From Consolidation to Big Tech Self-Preferencing: Benjamin Sirota Previews Landmark 2022 in U.S. Antitrust Law
January 5, 2022
2022 looks set to be a landmark year for U.S. antitrust law as Congress considers multiple competition bills aimed at curbing corporate consolidation and the self-preferencing of technology companies. Kobre & Kim’s Benjamin Sirota, a former U.S. federal antitrust prosecutor, previewed the proposals with Law360.
The broadest bills are the Competition and Antitrust Law Enforcement Reform Act and the Tougher Enforcement Against Monopolies, or TEAM Act, both of which aim to change the standards and presumptions of the current general antitrust regime to make enforcement easier. There are also tech-focused bills banning platforms from preferencing their own content and services and from making certain acquisitions, as well as to promote app store competition.
Mr. Sirota said that while the broader bills seek to make the existing legal system work more smoothly, the tech-focused bills are more regulatory in nature because they target conduct by specific companies. “It's not that there's no precedent. There are lots of industries that are regulated,” Mr. Sirota said. “The difference is that it's harder to pin down what exactly should be regulated, given how widespread in our economy some of these challenged practices are.”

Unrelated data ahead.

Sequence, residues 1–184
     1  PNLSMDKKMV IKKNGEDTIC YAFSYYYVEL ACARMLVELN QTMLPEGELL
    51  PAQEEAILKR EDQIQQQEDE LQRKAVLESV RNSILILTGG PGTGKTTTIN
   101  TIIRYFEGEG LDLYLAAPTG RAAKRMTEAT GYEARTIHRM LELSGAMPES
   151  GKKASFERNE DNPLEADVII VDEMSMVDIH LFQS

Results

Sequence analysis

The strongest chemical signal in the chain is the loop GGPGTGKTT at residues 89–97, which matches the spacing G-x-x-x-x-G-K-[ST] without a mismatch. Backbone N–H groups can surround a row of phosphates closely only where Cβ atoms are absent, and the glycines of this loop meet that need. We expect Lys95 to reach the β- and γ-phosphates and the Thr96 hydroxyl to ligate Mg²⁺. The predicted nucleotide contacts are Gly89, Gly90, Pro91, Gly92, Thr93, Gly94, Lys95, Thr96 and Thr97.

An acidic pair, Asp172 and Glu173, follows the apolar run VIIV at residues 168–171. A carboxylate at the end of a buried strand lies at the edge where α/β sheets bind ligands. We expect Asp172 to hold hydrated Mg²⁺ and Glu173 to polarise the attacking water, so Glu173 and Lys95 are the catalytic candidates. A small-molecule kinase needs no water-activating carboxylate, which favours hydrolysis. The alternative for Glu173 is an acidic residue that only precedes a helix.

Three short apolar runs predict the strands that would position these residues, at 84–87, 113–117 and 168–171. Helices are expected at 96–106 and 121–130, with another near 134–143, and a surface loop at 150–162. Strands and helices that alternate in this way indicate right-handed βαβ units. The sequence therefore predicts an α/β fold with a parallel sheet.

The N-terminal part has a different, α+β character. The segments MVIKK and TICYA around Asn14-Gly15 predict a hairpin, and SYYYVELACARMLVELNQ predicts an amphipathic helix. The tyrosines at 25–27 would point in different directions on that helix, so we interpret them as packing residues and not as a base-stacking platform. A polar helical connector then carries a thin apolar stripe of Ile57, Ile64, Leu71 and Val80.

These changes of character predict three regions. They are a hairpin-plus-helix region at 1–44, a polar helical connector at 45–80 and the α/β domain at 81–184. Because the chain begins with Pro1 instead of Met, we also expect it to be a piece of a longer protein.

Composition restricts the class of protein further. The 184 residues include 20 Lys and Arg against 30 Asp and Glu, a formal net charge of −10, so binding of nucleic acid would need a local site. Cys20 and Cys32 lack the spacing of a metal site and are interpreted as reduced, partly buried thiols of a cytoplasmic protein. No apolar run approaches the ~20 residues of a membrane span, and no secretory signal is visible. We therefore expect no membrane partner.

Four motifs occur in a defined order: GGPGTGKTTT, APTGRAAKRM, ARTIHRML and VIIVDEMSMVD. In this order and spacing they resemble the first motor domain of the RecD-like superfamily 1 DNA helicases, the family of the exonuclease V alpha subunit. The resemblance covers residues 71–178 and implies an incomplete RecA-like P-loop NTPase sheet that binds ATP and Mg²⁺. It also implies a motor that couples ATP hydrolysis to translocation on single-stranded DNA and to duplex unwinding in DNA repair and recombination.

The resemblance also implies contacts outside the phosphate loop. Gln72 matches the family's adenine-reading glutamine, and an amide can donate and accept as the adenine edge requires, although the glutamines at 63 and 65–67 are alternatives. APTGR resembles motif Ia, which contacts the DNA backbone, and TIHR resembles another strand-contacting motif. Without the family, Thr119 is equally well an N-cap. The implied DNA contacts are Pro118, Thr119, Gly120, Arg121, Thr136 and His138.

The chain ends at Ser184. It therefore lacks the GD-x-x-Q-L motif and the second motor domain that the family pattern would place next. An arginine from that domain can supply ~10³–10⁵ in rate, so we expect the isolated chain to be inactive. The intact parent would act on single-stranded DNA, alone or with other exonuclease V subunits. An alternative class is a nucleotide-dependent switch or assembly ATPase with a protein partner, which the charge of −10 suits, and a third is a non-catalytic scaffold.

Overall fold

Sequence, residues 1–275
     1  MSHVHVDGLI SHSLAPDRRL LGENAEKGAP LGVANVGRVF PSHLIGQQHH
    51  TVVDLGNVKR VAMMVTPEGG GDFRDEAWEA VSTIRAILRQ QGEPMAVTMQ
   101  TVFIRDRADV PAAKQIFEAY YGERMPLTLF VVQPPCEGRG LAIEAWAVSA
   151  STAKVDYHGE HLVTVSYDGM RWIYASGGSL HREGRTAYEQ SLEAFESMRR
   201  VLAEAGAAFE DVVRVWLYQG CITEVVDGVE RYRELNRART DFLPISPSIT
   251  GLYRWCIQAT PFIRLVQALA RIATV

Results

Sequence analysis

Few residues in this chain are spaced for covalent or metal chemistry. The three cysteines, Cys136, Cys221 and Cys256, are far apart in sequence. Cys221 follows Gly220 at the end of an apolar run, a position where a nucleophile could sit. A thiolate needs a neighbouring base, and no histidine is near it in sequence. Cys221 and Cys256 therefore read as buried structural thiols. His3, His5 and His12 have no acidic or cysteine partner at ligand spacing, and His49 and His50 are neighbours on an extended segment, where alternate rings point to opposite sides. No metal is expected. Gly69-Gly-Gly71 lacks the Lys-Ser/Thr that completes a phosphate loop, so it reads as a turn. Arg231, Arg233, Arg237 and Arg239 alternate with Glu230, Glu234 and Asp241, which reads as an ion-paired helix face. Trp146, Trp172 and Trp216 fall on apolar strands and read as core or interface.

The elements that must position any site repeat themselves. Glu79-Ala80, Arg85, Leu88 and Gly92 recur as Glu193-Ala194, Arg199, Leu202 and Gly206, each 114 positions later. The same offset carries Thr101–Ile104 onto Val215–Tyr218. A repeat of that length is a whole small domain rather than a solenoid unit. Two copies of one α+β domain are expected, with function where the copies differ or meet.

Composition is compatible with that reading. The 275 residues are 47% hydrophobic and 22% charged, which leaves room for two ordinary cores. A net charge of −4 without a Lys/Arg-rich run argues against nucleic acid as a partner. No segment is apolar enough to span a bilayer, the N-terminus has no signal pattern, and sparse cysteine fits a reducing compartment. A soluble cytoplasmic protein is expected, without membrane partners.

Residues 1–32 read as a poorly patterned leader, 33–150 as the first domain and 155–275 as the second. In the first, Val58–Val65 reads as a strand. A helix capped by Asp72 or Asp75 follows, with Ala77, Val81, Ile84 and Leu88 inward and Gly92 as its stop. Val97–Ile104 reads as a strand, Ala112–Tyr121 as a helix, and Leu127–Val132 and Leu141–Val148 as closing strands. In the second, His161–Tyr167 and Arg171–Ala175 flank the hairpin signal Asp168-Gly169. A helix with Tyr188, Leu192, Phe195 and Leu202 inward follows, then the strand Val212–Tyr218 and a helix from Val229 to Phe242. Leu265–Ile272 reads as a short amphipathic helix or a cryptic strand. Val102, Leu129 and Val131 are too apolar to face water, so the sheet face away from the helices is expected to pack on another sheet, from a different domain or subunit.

In addition, the bill against self-preferencing, the American Innovation and Choice Online Act, imposes rules that paint with a “broad brush” and risk causing harm by capturing conduct that is actually beneficial, Mr. Sirota said. “I think it's legitimate to talk about whether in particular instances a platform steering people to products that it makes or that it's otherwise affiliated with is problematic,” he added. “It's just hard to paint with a broad brush.”